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Ezra Pound et les Troubadours. For Pound tried, in parts, to “resuscitate the dead art of poetry”, by drawing on his extensive knowledge and inimitable understanding of these outstanding XIIth century predecessors. A selection of these contributions are presented in this volume. Editions Federop.
Ezra Pound et les Troubadours - Textes réunis par Philip Grover
Actes du Colloque de Brantôme en Périgord, 1995.
From his youth Pound was interested in the poetry of the Troubadours. He studied them carefully, translated them, imitated and adapted their poems and their poetic techniques, quoted them and wrote poems where they figured either as his personae or as the major figures. He walked the roads of France, exploring their landscapes and breathing the air out of “Provence”, creating some of his finest early poems from this imaginative recreation of life in “Provincia Deserta”. One of his first books, The Spirit of Romance, was a study devoted to them. For Pound:
Any study of European poetry is unsound if it does not commence with a study of that art in Provence… If we are to understand that part of our civilisation which is the art of verse, we must begin at the root, and that root is medieval. The poetic art of Provence paved the way for the poetic art of Tuscany, and to this Dante bears sufficient witness in the De vulgari eloquentia.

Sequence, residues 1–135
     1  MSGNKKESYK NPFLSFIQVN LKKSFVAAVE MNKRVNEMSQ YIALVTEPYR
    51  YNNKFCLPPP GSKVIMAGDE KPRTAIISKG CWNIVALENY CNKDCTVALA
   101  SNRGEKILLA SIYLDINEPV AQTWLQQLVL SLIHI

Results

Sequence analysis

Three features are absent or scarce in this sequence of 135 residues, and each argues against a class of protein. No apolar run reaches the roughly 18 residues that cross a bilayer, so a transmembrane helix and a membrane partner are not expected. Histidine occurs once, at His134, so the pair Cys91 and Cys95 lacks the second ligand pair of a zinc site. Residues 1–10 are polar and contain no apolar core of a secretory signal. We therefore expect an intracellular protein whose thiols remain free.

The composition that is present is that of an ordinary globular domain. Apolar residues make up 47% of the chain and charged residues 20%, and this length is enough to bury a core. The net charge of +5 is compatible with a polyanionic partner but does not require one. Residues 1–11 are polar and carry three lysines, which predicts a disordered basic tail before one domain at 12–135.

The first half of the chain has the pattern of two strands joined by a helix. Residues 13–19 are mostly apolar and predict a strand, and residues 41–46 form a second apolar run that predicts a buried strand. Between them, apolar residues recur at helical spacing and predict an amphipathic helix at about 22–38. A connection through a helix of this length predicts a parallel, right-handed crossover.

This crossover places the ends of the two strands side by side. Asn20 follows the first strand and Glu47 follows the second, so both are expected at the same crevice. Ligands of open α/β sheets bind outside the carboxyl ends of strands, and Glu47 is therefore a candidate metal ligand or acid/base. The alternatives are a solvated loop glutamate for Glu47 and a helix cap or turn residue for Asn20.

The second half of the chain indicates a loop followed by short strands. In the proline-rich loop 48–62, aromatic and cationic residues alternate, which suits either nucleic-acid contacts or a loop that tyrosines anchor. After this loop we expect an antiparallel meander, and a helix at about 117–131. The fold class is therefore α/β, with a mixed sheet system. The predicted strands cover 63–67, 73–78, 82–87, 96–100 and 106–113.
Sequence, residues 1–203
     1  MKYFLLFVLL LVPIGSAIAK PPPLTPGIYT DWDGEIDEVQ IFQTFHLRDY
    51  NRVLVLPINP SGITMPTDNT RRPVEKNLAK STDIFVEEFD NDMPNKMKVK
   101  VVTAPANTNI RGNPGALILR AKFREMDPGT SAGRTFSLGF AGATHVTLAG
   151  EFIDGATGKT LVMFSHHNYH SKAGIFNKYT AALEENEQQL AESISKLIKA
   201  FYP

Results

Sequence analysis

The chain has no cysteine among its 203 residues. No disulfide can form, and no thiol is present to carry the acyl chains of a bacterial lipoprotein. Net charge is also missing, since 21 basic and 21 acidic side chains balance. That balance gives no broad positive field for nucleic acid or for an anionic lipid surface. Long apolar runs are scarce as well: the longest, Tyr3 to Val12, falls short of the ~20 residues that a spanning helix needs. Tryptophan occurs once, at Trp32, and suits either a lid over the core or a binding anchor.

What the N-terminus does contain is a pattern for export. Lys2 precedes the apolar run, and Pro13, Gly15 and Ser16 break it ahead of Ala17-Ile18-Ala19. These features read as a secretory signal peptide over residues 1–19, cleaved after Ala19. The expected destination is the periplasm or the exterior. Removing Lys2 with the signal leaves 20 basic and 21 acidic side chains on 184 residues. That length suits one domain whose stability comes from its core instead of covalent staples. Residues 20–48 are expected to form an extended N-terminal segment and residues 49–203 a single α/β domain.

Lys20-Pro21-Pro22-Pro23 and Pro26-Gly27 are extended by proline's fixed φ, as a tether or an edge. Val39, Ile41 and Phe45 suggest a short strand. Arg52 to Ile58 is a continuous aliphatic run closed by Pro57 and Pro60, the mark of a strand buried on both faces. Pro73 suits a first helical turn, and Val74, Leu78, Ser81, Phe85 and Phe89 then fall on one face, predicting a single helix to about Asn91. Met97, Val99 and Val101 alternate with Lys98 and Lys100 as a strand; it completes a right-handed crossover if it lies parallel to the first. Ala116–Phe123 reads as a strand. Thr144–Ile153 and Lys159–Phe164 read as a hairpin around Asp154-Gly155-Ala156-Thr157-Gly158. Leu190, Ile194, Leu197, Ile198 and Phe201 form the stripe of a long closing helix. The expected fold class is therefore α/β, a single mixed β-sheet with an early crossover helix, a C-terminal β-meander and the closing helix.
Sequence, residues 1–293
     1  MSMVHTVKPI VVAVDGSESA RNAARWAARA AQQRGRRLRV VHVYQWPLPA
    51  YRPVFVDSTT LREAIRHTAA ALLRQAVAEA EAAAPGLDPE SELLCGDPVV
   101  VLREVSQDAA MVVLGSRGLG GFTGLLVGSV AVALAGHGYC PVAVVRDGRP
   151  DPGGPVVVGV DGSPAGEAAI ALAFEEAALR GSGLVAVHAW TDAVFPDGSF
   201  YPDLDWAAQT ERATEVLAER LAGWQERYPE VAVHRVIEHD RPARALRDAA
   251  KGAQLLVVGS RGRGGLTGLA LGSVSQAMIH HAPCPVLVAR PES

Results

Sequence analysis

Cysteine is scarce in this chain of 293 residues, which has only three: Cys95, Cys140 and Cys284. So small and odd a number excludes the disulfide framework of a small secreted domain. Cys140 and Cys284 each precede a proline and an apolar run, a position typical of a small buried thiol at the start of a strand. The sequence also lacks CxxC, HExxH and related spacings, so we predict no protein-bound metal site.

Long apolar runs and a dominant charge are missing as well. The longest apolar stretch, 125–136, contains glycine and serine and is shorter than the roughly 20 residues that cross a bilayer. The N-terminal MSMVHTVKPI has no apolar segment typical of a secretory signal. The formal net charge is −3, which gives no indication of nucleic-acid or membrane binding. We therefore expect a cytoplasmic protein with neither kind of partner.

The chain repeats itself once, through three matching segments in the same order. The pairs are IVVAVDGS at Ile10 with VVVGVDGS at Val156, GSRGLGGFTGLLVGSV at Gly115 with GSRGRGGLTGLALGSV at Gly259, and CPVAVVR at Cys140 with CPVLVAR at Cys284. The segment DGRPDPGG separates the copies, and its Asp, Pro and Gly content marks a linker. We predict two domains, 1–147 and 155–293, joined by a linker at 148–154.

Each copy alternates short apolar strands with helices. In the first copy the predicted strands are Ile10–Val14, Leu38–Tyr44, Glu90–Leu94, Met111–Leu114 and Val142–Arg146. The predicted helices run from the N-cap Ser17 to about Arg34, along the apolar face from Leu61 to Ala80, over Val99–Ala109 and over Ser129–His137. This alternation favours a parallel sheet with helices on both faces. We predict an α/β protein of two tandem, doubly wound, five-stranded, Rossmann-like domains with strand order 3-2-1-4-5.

At the time of the 16th International Pound Conference, which took place in Brantôme, in the country of Arnaut Daniel, Arnaut de Mareuil and Bertran de Born, and which Pound visited with T. S. Eliot in 1919, Pound scholars and Troubadours specialists from around the world gathered together to explore some of the relationships between Pound’s renovation of English poetry and the poetry of his first masters, the Troubadours. For Pound tried, in parts, to “resuscitate the dead art of poetry”, by drawing on his extensive knowledge and inimitable understanding of these outstanding XIIth century predecessors. A selection of these contributions are presented in this volume.
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